2000 CPEO Military List Archive

From: Lenny Siegel <lsiegel@cpeo.org>
Date: Thu, 1 Jun 2000 01:42:56 -0700 (PDT)
Reply: cpeo-military
Subject: [CPEO-MEF] More about Section 342
Section 342, the Fiscal Year 2001 Senate Defense Authorization bill's
prohibition on the payment of environmental fines without Congressional
approval, differs in some respects from Section 8149, the similar
provision enacted in the Fiscal Year 2000 Defense Appropriations Act.

First, as a policy provision in the Authorization act, the language, it
appears, would become permanent law. Environmental fines and penalties,
under a variety or statutes, whether imposed by state or federal
environmental regulators, would be subject to environmental review

Second, the prohibition is written to cover fines over $1.5 million or
any fine or penalty "based on the application of economic benefit
criteria or size-of-business criteria." That is, any use of the economic
benefit approach will trigger Congressional intervention.

I am not familiar yet with the precise meaning of "size-of-business" in
this context, but "Economic benefit criteria" refers to the practice of
levying penalties based upon the money that a polluter has saved by
violating environmental laws - particularly when such savings give the
polluter a competitive advantage.

The Senate Armed Services Committee, in its report on the bill, says,
"The terms economic benefit and 'size of business' suggest market-based
activities, not government functions subject to congressional
appropriations." It adds, "The committee is not aware that the DOD has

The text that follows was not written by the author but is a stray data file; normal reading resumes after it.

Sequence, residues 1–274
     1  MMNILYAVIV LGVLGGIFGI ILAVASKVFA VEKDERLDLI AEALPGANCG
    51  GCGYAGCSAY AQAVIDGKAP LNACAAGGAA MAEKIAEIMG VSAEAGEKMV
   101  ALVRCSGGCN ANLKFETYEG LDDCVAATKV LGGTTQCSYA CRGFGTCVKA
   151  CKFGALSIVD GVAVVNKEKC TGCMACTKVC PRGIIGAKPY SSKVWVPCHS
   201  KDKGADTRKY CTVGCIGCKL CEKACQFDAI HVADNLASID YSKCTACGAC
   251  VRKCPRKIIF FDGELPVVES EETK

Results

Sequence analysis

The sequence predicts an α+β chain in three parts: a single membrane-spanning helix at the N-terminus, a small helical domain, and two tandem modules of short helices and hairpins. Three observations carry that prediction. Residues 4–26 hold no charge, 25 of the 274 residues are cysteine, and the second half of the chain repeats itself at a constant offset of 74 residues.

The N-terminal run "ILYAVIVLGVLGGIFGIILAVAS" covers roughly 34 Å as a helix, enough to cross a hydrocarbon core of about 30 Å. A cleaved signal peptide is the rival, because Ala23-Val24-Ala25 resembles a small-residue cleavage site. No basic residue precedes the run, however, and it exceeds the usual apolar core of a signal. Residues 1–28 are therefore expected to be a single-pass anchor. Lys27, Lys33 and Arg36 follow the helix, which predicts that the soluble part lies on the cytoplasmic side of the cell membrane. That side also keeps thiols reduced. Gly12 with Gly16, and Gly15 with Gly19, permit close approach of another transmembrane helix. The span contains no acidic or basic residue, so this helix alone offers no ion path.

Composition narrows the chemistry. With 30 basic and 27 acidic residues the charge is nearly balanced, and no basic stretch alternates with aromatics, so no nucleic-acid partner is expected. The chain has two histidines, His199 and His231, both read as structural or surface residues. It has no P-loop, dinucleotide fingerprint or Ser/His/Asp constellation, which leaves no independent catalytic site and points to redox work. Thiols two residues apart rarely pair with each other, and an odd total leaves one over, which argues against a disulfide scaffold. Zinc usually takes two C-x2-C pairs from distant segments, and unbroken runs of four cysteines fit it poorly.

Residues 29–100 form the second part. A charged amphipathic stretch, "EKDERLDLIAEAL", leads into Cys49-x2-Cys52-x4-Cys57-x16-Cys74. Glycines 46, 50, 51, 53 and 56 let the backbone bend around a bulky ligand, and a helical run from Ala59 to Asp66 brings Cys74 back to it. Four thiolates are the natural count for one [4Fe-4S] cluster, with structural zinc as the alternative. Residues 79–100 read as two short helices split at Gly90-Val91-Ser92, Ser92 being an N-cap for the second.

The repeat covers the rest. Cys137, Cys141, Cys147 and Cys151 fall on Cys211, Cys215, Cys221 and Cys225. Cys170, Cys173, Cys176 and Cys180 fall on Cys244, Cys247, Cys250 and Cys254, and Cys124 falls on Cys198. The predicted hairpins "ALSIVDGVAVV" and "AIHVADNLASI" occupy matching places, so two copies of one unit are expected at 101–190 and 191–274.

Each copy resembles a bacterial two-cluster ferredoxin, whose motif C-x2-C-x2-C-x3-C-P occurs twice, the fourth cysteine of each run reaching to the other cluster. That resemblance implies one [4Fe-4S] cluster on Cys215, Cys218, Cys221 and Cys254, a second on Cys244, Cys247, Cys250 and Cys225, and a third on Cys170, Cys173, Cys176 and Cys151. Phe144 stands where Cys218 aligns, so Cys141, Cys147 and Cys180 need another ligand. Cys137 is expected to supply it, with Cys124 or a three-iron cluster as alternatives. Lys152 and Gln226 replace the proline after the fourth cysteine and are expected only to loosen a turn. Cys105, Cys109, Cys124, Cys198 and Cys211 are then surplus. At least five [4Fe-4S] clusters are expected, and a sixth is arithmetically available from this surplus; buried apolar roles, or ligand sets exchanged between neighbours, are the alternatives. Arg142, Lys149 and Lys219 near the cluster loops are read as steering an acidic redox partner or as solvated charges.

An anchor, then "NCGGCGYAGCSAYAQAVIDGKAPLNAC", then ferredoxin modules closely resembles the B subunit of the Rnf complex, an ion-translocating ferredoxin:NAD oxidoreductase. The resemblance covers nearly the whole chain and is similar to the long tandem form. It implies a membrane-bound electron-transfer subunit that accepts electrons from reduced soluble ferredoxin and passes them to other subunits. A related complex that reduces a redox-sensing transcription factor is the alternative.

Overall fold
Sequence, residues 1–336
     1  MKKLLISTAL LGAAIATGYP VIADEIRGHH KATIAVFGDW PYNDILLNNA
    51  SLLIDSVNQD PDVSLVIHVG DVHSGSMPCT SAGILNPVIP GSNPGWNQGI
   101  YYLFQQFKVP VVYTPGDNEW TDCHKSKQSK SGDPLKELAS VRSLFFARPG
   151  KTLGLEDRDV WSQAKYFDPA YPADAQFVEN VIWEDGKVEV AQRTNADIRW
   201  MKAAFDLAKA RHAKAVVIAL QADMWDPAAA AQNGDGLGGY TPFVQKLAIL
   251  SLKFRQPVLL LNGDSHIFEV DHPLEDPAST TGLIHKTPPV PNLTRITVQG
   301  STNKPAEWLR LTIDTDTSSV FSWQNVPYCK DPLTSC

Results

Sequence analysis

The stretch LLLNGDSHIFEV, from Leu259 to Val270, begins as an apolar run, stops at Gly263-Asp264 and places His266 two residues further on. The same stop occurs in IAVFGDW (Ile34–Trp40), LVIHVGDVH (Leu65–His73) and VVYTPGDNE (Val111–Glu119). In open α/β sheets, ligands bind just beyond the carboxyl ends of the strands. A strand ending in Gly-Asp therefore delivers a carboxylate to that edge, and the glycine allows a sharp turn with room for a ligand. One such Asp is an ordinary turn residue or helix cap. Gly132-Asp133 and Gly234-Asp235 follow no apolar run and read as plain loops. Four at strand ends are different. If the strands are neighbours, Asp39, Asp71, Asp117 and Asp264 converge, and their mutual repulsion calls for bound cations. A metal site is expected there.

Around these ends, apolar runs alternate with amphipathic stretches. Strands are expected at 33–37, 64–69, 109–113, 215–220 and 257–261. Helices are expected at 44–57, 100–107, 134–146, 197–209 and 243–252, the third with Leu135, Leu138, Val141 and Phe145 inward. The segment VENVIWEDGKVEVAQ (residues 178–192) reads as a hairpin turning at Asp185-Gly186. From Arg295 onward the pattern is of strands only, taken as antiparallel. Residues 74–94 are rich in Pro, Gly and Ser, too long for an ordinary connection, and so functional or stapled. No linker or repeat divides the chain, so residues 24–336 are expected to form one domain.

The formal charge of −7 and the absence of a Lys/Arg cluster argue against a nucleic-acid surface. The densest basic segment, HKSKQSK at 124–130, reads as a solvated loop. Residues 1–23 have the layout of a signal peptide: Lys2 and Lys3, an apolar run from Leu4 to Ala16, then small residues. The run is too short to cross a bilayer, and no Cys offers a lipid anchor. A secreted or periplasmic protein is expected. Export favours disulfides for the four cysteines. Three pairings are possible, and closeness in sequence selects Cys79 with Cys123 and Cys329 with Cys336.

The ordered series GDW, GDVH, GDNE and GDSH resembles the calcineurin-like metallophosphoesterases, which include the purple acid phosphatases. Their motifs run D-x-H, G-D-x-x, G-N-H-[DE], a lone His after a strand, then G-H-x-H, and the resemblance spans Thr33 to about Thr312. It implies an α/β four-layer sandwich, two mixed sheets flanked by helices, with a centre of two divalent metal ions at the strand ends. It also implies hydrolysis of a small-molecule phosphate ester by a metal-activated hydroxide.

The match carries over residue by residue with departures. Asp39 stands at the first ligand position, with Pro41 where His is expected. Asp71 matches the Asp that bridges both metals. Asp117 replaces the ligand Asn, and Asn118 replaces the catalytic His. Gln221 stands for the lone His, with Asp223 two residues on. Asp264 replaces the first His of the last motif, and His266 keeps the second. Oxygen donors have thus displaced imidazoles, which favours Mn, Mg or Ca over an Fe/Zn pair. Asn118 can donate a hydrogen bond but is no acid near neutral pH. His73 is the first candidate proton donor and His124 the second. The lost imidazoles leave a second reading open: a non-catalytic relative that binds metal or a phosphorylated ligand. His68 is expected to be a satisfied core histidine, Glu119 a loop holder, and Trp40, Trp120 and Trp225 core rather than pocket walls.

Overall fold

Sources within EPA point out, on the other hand, that regulators apply
economic benefit criteria to non-profit organizations and state and
local governments. They also note that military organizations do in fact
compete with the private sector in the provision of services - power
generation, waste disposal, etc. - to military installations.

Even if such competition were less common, military installations are
indeed run as profit centers. That's generally a good thing. But when
the public, military personnel and their families, and the environment
are forced to absorb the consequences of illegal cost-saving measures
(pollution), it makes sense for regulators to make the installation pay.
Otherwise, commanders may choose to live with a fine because of the net
cost savings.

According to the Senate committee, this language, like Section 8149 last
year, grows directly from Senatorial displeasure at U.S. EPA's attempts
to penalize Fort Wainwright, a large Army base in Alaska, for continuing
violations of the Clean Air Act. Of course, it casts a much wider net,
but it is written to apply only to Defense Department installations,
giving them a form of immunity not available to other federal
facilities, as well as non-federal polluters.

EPA staff have prepared an explanation of its actions at Fort
Wainwright, and the Committee report contains a defense of the Army. I
don't have a position, and I've decided not to disseminate the details
of the case, because it should be resolved through the regulatory
process, not in the court of public opinion. (Arguing the details of
such a case reminds me of the practice of TV infotainment shows asking
viewers to vote on the guilt or innocence of an accused murdered based
upon snippets of televised evidence and legal information.)
Unfortunately, the proposed law could put Congress in the same position,
adjudicating a regulatory action that belongs in the other branches of

Lenny Siegel

Lenny Siegel
Director, Center for Public Environmental Oversight
c/o PSC, 222B View St., Mountain View, CA 94041
Voice: 650/961-8918 or 650/969-1545
Fax: 650/968-1126

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